Not long ago, I was summoned to Bluefrog’s deepest darkest basement to be briefed on a new job – a job that our lovely studio trafficker Gabriel assured me would, “Only take an hour. If that. It’ll be a piece of cake.”
20 or so minutes later I traipsed back up the stairs to our creative floor. I sat at my desk, scratched my head a few times and thought, “Someone has lied to Gabriel.”
You see, my brief looked a little like this:
Actually I take it back. My brief looked exactly like that!
By now some of you might have copped on to what this brief was actually for. Yep, you guessed it. My journey to the basement had been a visit to my lovely, albeit vitamin-D deficient, digital colleagues.
They wanted me to write Facebook ads.
“Oh God”, I thought. I am about as digitally unaware as anyone under 30 can be. But worst of all, I’d spent the best part of five years in charity fundraising writing long copy letters, feedback pieces, newsletter articles and well... you know... wordy stuff. How could I convince anyone to do anything in 135 characters? Only people who are seasoned Tweeters know how to do that. And sadly, I’m not one of them.
But this was an ‘easy job’ with a couple of hours allocated to it, so I didn’t have time to whinge – I had to get started.
I pscyhed myself up. I reckoned this was what they call ‘real advertising’. A whole other world of writing rules was about to be thrown at me. Less is more and all that jazz. I would channel all my short, snappy lines and SELL. Suddenly, I was starting to feel excited. This job might not be so bad after all...
The client was The Scouts Association. I knew them pretty well given I’d just helped write their new website (take a look at it by clicking here) which was aimed at getting more 16 to 25 year olds to volunteer as Scout leaders. With 32,000 young people wanting to join the Scouts but not enough volunteers, the need was crystal clear. And now, our Facebook ads would hopefully drive lots of people to the site where they could find out more information and sign up. The Scouts needed 160 volunteers, so a target of 300 applications was set.
All we needed now was the copy. Gulp.
So I just wrote one. Quickly. Then another. And another. Then I made a couple permutations of those, and so on and so forth. And let me tell you, it was slightly addictive and also quite fun!
But there were definitely some downsides too. I was surprised to find how quickly 135 characters gets used up. (I almost just did it in those last two sentences...). Plus, it was hard not to go on and on like I usually do. I had to ask desk buddy and art director Tom to move the word count tool to my toolbar. My technical failings meant I couldn’t do it myself.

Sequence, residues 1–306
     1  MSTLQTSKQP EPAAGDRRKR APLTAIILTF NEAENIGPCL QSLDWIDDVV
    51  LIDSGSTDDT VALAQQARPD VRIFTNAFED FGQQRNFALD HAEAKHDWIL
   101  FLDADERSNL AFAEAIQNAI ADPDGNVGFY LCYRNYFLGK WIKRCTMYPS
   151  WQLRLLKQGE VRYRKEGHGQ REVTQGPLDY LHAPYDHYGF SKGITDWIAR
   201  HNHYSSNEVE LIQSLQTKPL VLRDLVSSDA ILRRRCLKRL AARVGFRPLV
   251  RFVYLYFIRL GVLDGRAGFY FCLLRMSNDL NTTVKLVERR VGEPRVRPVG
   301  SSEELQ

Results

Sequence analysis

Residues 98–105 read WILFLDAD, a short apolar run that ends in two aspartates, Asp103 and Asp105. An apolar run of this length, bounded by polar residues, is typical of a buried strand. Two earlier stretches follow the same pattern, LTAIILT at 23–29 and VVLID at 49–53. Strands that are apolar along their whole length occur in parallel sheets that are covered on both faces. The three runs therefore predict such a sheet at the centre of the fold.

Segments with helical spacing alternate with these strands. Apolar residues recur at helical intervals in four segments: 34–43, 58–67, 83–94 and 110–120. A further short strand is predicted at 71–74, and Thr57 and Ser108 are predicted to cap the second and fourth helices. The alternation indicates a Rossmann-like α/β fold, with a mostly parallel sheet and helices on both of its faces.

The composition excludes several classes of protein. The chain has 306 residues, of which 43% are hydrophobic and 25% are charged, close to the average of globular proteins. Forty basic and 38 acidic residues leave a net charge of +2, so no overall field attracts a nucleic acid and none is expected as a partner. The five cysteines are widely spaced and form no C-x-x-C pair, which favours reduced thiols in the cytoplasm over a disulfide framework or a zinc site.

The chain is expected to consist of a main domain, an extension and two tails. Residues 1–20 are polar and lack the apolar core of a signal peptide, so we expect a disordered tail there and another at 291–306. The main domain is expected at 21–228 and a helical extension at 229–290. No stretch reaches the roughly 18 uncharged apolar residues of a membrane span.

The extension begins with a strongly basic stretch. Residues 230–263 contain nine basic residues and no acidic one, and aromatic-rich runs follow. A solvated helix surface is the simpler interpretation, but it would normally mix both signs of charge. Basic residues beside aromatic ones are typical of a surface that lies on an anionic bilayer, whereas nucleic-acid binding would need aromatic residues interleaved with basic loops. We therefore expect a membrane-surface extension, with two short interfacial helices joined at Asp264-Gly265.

And so I wrote, rewrote, thought of a more '16-year-old' way of saying it, and then wrote it again. In the end, I took about three pages worth of 135 character ads back down to the basement for design and testing, here’s one they whipped up in no time:
Quite pleased, and surprisingly, having thoroughly enjoyed myself, I thought my job was done. I expected to hear news of whether or not my ads had worked in a few months time, so off I went to do my more usual routine of long letters, etc.
Now, I’ve always liked direct marketing because it’s measurable and you get a sense of achievement from knowing you’ve succeeded in raising the funds, hitting your ROI, or recruiting the desired number of donors. But with Facebook ads you really do get instant gratification.
The digital chaps had some results five days later. “It’s too soon,” I thought. This must mean they were awful. I convinced myself I’d failed miserably, and was ready to be told I was never going to be briefed on another digital job again.
Instead they showed me a snazzy excel type page with lots of stuff on it I didn’t really understand like CTRs (click through rate), imps (impressions) and average CPCs (cost per click). Yet after that quick tutorial, I was sold – this was cool. But I wasn’t the only one. So were a few 16 to 25 year olds, apparently.
Yep, the ads had worked. People had looked, clicked and then actually signed up.
We scrutinized which words were working and which weren’t. We could tell that titles like ‘Fun Work Experience’, and ‘Bored? Volunteer’ were working better than ‘Are You A Leader’ or ‘Kick Start Your Career’. We were able to target specific age groups, genders, lifestyles and networks too. And unlike direct mail, where once it’s gone it really is gone, with these ads we could change them in real time and see whether it was worth it. Fabulous.
But most fabulous of all were the final results. Our ads did the trick. Instead of the 300 applications we thought we’d get, we got closer to 500. So right now The Scout Association is enjoying the largest yearly increase in adult volunteers for over 20 years – and our little ads (literally) helped them get there.
So next time you have to write a paragraph explaining to a donor why they should give, volunteer or campaign, see if you can do it in 135 characters. If you can, maybe you should give Facebook Ads a try too?
Thanks for listening,
Joanna Gaunt (Bluefrog Creative Guest Blogger - Aline's on holiday, by the way)
Oh, and here are some of the other ads we tested.